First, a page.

With the opening of a new wing of the Georgetown Park shopping mall today, Georgetown merchants are hoping that the worst is over.

Two years ago, longtime retailers were pulling out of Georgetown, complaining that the lack of parking, a high crime rate and the younger, less affluent customers who were flocking to Georgetown were hurting business.

Today, however, with the business retreat from Georgetown having slowed somewhat, retailers are increasingly encouraged about the future -- especially because of the 42 mostly upscale new stores that will be opened as part of what is called Phase II of the six-year-old Georgetown Park mall. About half of the shops will open today, with the rest scheduled to open by March.

Even so, some major problems still confront Georgetown businesses. Chief among them is the severe parking shortage, which grows greater as new stores are built on what used to be open parking lots. Another problem is the relatively high rate of crime in the area, which has deterred some shoppers.

The design of Georgetown Park's new wing, which is connected to the existing mall about half a block down M Street, closely resembles the original, with the same iron and brass railings, black and white tiles and parquet floors.

The names of the stores coming to Georgetown's newest addition are by almost any measure impressive. Popular designer Liz Claiborne will open her first specialty shop in the nation there. Designer Tommy Hilfiger will open two shops -- one for men and one for women -- his first in the Washington area. A two-level Polo/Ralph Lauren shop will be prominent at the entrance to the mall.

Meanwhile, the popular Williams-Sonoma, Sharper Image and Talbots also will be setting up shop in Georgetown Park II, as well as Limited Inc. subsidiaries The Limited, Limited Express and Victoria's Secret.

The arrival of these stores follows the opening of Georgetown branches of several other well-known retailers, including Esprit, The Gap and Banana Republic. The Nature Co. also is expected to move into the area soon.

"Any time you get a Ralph Lauren and other kinds of retailers like that, it is a positive development for Georgetown," said John Laytham, who -- as executive vice president of Clyde's restaurant -- has seen Georgetown's business environment change dramatically over the years. "It makes for a critical mass of stores with a wide selection of goods. That, in turn, makes Georgetown all the better as a place to shop."

Richard J. Hindin, president of Britches of Georgetowne, is even more bullish about the area's prospects.

"It's as good or better than it's been in a long time," said Hindin, who also serves as president of the Business and Professional Association of Georgetown. "I've been here 20 years, and Georgetown is clearly on the up -- cresting to a point where it hasn't been since the antique shops left prior to the late '60s' hippie stores."

But not all businesses are thriving. Three boutique clothing stores of the type that once were the backbone of Georgetown retailing are closing their doors: La Strega, Sharon and Caroline.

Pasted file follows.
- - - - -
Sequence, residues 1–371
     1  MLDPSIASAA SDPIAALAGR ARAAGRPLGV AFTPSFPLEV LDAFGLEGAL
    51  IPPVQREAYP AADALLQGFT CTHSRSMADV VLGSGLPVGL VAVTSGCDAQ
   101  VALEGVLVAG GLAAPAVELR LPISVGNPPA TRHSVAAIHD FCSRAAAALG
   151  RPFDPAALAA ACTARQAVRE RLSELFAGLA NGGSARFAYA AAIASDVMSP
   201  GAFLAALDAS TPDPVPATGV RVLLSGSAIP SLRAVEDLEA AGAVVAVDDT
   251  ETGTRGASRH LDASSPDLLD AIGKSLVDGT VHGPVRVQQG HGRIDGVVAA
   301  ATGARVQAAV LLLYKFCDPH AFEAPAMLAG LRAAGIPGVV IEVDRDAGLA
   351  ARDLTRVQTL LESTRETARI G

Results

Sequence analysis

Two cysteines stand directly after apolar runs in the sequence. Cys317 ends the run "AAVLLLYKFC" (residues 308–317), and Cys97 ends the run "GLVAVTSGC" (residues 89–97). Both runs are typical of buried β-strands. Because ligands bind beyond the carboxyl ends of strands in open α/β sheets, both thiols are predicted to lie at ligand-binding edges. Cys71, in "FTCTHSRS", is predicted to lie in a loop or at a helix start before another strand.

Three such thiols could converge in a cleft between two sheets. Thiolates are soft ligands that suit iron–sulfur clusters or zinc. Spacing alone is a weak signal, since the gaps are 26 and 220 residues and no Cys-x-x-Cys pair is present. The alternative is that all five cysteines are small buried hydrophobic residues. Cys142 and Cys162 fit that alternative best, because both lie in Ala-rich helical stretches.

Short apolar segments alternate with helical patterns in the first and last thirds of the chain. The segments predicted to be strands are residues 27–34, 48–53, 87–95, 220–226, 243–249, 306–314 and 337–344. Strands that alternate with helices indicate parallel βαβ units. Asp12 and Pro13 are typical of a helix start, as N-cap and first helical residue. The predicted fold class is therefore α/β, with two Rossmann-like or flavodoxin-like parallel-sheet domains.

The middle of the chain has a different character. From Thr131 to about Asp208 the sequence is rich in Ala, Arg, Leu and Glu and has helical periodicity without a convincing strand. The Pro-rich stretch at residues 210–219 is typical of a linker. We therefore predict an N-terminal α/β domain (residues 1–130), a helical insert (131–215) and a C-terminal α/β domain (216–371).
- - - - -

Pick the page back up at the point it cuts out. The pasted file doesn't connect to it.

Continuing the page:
Although other retailers are taking their place, some Georgetown residents complain that the newcomers are outlets of larger chains, such as The Gap and Banana Republic, that can be found in many other shopping malls around the area.

"The big chains are the only ones who can afford the rent," said David Roffman, editor of the Georgetowner newspaper. As a result, he said, Georgetown no longer is the unique shopping area of the city it once was. "It is turning into a mall, with one big difference: We have no parking," Roffman said. "That makes it increasingly difficult to compete with Tysons Corner."

What's more, the bulk of Georgetown's business has shifted from Wisconsin Avenue, which used to be the main retailing street, to M Street as a result of Georgetown Park's opening six years ago.

La Strega, a Georgetown institution for 25 years, closed last week after its owner, Hildegard Czerner, concluded, "The career women to whom I catered didn't come up Wisconsin Avenue anymore. I just didn't have the traffic."

The women's clothing shop Caroline also is closing -- although it, unlike La Strega, plans to reopen next year. "There were not enough career women here for my type of clothing," store owner Caroline Puglisi said. "I looked into {Georgetown Park} mall, but decided to move to Connecticut and N streets instead, because I have a real bad feeling about Georgetown. I grew up here, but it's really changed a lot. I'm almost embarrassed to say I have a store in Georgetown."

Among Puglisi's concern is the rate of crime, which she said seemed to be increasing. Just how much is unclear, however.

Local business groups, using police statistics, argue that Georgetown is one of the safest areas in the city. But the District's Office of Criminal Justice Plans and Analysis last summer released statistics that showed Georgetown as having a very high reported crime rate.

Even though most of these crimes were against property, the report showed that Georgetown had a notably high number of assaults for a neighborhood that has a mix of businesses and residences.

Nonetheless, Georgetown business owners say the crime statistics are overblown. "Crime is scary, but violent crime here is not what it is made out to be," Laytham said. "There are hundreds of murders in the city, and except for one policemen who was killed when he was trying to stop a burglary, there has not been one murder here in the last five to 10 years."

The addition to Georgetown Park also may alleviate one of the area's biggest problems -- parking -- with the addition of 200 paid parking spaces.

The addition of 120,000 square feet of retailing space to the existing 200,000-square-foot mall was funded by American Telephone & Telegraph Co.'s Employe Pension Fund, which in a partnership with Coldwell Banker owns and operates the mall.